Our series on inerrancy will resume tomorrow after I get an important article from the seminary library today. In the meantime here’s my latest Fun Read, a biography of one of my beloved Mrs H’s favorite people, Thomas “Stonewall” Jackson.
She got interested in Jackson after seeing him portrayed in Gods and Generals. The movie gives a picture of a very devout man fighting for what he believes in, but as is usual with a movie, it doesn’t capture the whole. Farwell paints Jackson as a “dark” and also “quirky” figure – very devout, yes, but also very peculiar in his own way.
What strikes me most is Jackson’s apparently extreme Calvinism, though whether he would have called himself a Calvinist I cannot say. His ideas of providence were such that he fearlessly went into battle, thinking that if he was meant to be killed, he couldn’t do anything about it anyway, so there was no reason to hold back. There are several descriptions of Jackson in this vein; the one that stands out to me has him calmly writing a message during a battle, and having a shell explode nearby that sent splinters from a tree all over his paper – which he casually brushed aside, then continued to write the message.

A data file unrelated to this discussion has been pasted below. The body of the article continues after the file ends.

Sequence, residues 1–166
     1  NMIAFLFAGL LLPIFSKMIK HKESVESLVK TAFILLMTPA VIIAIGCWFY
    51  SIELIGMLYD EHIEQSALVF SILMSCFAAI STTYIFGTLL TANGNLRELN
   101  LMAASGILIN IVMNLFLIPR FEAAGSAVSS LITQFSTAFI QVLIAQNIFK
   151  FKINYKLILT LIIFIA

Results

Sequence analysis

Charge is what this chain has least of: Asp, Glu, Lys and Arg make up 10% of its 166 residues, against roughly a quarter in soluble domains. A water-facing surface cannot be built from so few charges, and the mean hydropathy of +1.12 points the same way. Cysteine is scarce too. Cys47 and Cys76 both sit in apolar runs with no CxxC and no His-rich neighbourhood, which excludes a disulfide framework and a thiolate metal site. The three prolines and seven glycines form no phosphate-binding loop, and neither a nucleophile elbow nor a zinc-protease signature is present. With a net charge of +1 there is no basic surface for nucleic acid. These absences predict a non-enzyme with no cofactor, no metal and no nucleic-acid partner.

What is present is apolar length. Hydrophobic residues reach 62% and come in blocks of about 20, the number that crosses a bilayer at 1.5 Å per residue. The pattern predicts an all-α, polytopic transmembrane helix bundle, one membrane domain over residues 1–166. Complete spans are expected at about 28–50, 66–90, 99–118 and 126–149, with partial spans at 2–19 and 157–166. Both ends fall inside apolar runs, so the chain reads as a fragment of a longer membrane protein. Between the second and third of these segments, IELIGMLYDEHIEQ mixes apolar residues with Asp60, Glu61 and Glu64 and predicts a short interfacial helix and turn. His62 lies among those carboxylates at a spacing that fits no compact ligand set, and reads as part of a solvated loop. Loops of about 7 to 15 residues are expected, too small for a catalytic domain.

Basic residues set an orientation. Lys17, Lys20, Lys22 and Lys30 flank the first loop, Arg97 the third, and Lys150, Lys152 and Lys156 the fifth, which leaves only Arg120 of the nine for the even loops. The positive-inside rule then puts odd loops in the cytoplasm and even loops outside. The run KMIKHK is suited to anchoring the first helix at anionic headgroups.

On the darker side, Jackson wasn’t a very good team player. He was frequently vindictive towards those that offended him, and didn’t always let in his subordinates on what he was planning. He seldom thanked or praised others for their performance, and sometimes ignored them (though this may have been because he was going deaf). Of personal interest to me was that Jackson was briefly stationed in Florida before the Civil War and even made a march to a lake not far from where I live.
Jackson is certainly an interesting and colorful figure, and Farwell does a good job bringing him to life. And by the way: For "balance" I have a bio of Ulysses S. Grant on the way!